In 1955, Eli Broad's story wasn't too different from those of many Americans. He graduated from a good college, got married, and was working as a CPA and assistant professor.
By 1957, he co-founded what would become his first Fortune 500 Company, KB Home, and by the late 1980s he repeated the feat with insurer SunAmerica, making him the first person to found two Fortune 500 companies in different industries. Today, his estimated net worth stands at $6.9 billion .
Between 1955 and 1957, nothing about Broad's personality or mental capacity changed. He wasn't bitten by a radioactive spider, and he didn't take any special pills to enhance his brain power (that we know of). Broad did, however, become an expert.
What his story demonstrates is by dedicating all of your energy to becoming an expert in one industry, rather than attempting to understand every sector, is the key to finding great opportunities.
1. Become an expert
Working as a CPA, Broad wanted more -- "more money and more excitement" -- and he believed real estate was where he would find it. Like many of today's job seekers, however, Broad's attempts to land a career in homebuilding were denied for lack of experience.
Unfazed by his lack of success, Broad decided to take a leap of faith by starting his own homebuilding company. He read every industry magazine he could get his hands on, studied homebuilders for what worked and what inefficiencies he could improve upon, and partnered with experienced real estate expert Donald Kaufman -- the "K" in KB Homes.
He was relentless in his effort to expand his expertise, and that was the key.
2. Ask the right questions
Many investors focus primarily on specific companies, or stocks, but that could be a mistake. Your focus should start with gaining a vast knowledge of an industry, because when you understand an industry, you start asking big questions -- the questions that go beyond quarter-to-quarter analysis and cut to the core of a company's future.
As Broad's expertise grew, he saw one very important macro trend emerging. A whole new generation of homeowners, baby boomers' parents, were leaving the cities and flocking to the suburbs. Broad believed that if he could improve on the inefficiencies he saw, he could lower the cost of housing enough to where homeowners' mortgage payments would cost the same as renting an apartment.
One of the more notable ways Broad was able to make that happen was by building homes without a basement. That may not seem revolutionary now, but it was fairly radical for the time.
The idea, along with Broad's keen eye for finances, helped keep housing prices down, and the company exploded, expanding from Detroit to Arizona, then California, and then France, all within 10 years of the company's founding. KB Homes went public in 1986.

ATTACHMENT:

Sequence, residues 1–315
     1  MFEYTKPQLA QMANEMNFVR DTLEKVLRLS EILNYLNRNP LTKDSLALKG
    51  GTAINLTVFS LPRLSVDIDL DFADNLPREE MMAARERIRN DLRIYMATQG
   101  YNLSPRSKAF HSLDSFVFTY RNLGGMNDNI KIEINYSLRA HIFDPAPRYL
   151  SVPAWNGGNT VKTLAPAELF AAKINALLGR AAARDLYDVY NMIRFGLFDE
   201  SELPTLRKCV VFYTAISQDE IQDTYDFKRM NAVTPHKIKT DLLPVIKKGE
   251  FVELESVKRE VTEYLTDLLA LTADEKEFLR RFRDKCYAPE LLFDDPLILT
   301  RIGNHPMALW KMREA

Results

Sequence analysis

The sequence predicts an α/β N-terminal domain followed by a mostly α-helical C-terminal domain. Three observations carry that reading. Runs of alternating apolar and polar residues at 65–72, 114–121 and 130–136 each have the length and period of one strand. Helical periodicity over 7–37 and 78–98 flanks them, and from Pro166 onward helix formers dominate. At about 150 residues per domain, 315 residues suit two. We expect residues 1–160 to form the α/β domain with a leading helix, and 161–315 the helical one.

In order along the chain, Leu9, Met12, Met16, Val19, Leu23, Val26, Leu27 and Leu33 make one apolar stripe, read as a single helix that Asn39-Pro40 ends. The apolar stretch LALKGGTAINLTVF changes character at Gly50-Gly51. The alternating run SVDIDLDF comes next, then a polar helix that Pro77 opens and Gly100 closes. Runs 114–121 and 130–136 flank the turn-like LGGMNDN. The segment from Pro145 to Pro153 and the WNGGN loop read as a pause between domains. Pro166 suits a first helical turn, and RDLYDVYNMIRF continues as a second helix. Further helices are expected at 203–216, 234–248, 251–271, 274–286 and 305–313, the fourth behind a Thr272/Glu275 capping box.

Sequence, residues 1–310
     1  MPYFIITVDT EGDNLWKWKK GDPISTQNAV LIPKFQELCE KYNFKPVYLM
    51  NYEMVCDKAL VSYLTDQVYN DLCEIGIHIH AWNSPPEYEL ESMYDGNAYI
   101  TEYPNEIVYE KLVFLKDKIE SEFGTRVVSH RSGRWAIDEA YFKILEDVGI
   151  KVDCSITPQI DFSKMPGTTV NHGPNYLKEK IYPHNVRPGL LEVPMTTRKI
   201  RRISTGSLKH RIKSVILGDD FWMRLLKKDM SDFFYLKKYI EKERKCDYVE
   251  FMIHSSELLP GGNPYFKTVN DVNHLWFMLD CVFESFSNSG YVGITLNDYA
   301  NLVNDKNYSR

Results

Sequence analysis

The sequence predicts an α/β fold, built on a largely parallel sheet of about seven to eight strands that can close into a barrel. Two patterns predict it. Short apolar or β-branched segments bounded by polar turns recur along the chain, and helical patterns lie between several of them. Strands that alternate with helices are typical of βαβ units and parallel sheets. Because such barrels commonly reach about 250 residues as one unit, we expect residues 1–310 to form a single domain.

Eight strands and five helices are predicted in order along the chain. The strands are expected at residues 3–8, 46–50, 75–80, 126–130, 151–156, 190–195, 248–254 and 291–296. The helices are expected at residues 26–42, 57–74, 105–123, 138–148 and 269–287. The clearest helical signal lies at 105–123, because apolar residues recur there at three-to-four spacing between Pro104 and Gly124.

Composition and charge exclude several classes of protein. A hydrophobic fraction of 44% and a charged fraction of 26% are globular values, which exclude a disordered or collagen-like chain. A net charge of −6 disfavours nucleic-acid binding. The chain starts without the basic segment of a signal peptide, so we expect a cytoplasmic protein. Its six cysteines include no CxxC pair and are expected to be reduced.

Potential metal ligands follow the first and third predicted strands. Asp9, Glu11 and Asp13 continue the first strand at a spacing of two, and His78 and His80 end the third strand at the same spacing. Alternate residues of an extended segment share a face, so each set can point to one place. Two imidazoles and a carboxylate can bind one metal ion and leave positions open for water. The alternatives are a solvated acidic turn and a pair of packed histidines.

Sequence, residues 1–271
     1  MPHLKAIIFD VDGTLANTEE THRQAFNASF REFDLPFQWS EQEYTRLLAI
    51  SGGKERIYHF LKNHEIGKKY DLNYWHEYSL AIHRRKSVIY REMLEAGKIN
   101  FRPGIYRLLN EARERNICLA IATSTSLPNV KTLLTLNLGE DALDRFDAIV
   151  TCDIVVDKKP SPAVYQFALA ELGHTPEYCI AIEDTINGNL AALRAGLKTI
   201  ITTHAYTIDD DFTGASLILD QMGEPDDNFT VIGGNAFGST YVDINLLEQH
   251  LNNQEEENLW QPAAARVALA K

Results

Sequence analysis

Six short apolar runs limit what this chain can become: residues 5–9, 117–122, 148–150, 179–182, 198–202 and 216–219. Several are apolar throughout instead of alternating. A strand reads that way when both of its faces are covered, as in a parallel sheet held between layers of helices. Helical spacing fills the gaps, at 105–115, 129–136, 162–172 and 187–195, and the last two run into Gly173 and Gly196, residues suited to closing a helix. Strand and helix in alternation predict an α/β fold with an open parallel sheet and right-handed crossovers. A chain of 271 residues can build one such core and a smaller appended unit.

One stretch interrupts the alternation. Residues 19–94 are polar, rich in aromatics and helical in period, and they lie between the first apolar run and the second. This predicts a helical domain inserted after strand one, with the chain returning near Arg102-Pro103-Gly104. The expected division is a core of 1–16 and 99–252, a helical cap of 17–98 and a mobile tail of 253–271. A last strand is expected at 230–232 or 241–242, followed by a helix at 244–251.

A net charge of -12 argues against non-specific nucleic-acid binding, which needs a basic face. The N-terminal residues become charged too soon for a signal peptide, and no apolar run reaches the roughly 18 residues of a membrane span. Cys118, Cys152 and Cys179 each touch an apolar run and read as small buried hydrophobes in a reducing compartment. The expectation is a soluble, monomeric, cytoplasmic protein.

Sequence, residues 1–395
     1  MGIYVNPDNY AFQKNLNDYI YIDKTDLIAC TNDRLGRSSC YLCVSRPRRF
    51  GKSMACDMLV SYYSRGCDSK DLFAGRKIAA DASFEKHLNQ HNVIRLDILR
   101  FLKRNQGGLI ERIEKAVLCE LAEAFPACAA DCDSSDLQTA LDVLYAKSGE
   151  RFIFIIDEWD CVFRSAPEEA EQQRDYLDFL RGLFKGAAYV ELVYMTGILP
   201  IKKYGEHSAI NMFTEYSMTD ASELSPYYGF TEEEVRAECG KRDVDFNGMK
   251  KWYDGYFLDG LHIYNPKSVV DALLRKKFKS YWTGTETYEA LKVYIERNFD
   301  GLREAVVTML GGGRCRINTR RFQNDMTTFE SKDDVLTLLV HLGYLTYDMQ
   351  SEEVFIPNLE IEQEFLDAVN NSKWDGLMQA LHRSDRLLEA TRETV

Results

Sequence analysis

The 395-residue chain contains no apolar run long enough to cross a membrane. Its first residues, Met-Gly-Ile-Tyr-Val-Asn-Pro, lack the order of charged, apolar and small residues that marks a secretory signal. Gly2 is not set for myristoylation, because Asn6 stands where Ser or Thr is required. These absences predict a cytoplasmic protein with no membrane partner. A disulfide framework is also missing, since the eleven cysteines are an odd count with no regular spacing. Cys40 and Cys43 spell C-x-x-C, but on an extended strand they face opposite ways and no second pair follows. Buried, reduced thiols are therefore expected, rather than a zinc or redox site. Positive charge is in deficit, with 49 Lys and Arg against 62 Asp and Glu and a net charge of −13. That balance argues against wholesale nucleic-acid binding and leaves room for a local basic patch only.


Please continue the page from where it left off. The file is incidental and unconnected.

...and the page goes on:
Broad wasn't satisfied. He understood that the housing market is cyclical, and he wanted to generate more consistent returns. So Broad turned to one of the oldest investing strategies in the book: "diversification," the process of reducing risk by investing in multiple market sectors and investment vehicles.
However, when you truly understand what makes an industry tick, you can diversify with a purpose. Broad realized that real estate growth is strongest during lower-interest-rate environments and economic boom times. To smooth out volatility, he needed a business that could perform well in less favorable economic climates, and insurance was the perfect fit.
Insurance is an essential. In good times or bad, consumers and businesses need to be covered against risk. Also, when interest rates rise, insurers can invest the premiums they collect from customers at higher rates, which generates greater investment income.
Broad would build the company's insurance arm into a powerhouse provider of retirement savings plans, such as annuities. Broad split the company up in 1989 and created two separate publicly traded companies -- KB Homes and SunAmerica. Broad sold SunAmerica to American International Group in 1999 for $18 billion.
The last word
Broad's passion for real estate and the expertise he developed allowed him to understand and take advantage of two major trends: the need for affordable housing in the 1960s and the need for that same population to plan for retirement.
What trends will dominate the next decade in tech, health, energy, finance, and other sectors? I believe that by becoming an expert in one industry, rather than spreading your focus too thin, investors can spot hidden gems primed to take advantage of tomorrow's economy.